Flashes of illumination rather than fireworks are expected at the annual meeting of top central bankers and economists in Jackson Hole, Wyoming.» Read More
I see this morning that some of my CNBC colleagues are talking down to Jim Bunning, almost making fun of him as some sort of “odd duck,” because the Kentucky senator dared to squawk back at Henry Paulson (and for that matter Ben Bernanke) during yesterday’s Senate hearings on Fannie Mae and Freddie Mac.
Federal Reserve Chairman Ben Bernanke told a House panel Wednesday a top Fed priority is restoring financial calm even as "too high" inflation and weak growth threaten the economy.
Stocks pushed higher as oil plunged for the second day in a row and financials staged an across-the-board rally that stemmed investor pessimism about the effects of inflation on the economy.
US industrial production unexpectedly rebounded in June by 0.5 percent, its biggest jump in nearly a year, as utility and mining output soared and manufacturing reversed two months of declines, the Federal Reserve said on Wednesday.
Today's CPI data follows yesterday's disappointing PPI. The 1.1% rise in the month of June is the biggest one month rise since September 2005 and the biggest year over year increase since 1991. Here is a break down of where costs are rising the most.
Many economists have concluded that a second dose of government stimulus spending is required to prevent a broad economic unraveling and provide relief to millions of Americans grappling with joblessness, plunging home prices and tight credit.
Oil's move could be a key trend in Wednesday's markets, as traders watch more Fed testimony, a bunch of earnings reports and another helping of inflation data.
Check out our “Fast & Furious” trades. Yes, now we bring you even more Fast ways to trade tomorrow's market moving events.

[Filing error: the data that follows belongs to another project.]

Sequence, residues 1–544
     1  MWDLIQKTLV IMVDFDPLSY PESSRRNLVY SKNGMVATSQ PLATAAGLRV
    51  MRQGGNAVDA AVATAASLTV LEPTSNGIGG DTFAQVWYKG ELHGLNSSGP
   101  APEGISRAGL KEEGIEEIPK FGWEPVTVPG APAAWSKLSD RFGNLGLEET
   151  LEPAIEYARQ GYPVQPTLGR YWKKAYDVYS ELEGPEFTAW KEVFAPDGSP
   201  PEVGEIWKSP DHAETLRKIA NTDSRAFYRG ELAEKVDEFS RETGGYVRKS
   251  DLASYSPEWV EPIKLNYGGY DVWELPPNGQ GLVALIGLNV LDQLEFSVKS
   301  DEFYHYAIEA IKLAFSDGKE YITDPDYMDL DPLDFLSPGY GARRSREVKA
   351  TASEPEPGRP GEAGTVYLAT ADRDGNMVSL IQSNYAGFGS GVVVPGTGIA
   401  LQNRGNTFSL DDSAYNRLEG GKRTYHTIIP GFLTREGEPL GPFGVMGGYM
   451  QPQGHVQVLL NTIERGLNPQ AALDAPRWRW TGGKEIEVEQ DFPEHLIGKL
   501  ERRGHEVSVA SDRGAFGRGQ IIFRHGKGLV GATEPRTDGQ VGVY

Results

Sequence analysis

Has the Fed changed its tune? Are we imagining things or did Ben Bernnake hint on Tuesday that interest rates aren’t going anywhere?
Merrill Lynch sector strategist Brian Belski's comments may have overshadowed Bernanke's testimony in some traders' minds. In a research note this morning, he called for a possible end to the commodities cycle (stocks, not futures) after such a strong first half of the year.
Stocks closed lower following a zig-zag day marked by a plunge in oil and a barrage of statements and news from economic policy makers, and a resurgence for the beaten-down financial sector.
Dismal data on inflation and retail sales released on Tuesday flashed fresh signs of stagflation in the U.S. economy...
The two most significant financial stocks of the moment--Fannie Mae and Freddie Mac, both remaining down but are also well off their lows. Still, this is still a weak day, with three stocks declining for each advancing.
Housing finance giants Fannie Mae and Freddie Mac have the potential to pose systemic risks to the financial system and need a stronger regulator, U.S. Treasury Secretary Henry Paulson said on Tuesday.
We are seeing a modest rally, led by financials. Lehman, for example, has gone from $12 at its bottom shortly after 10 am ET to just about $14, up 11 percent, though most other financials remain in negative territory.
As the dollar trades near an all time low against the euro, the question is whether Fed Chairman Ben Bernanke and Treasury Secretary Hank Paulson can talk tough enough to pump up the sagging greenback.
President Bush urged lawmakers to move quickly in putting into force legislation designed to help prop up mortgage giants Fannie Mae and Freddie Mac while declaring the nation's financial system to be "basically sound."
Stocks fell sharply after Federal Reserve Chairman Ben Bernanke issued a dour forecast ahead for the US economy, saying more hard times are on their way that will pose a major challenge to policy makers.
The NASDAQ has also hit a new two year low. If this continues, we are heading toward a 90 percent downside day, where 90 percent of the volume is on the downside, one of several that have occurred in the past few months.
A weakening housing market, a strained banking system, and rising oil prices threaten the U.S. economy, and restoring financial market stability is a top priority, Fed Chairman Ben Bernanke said.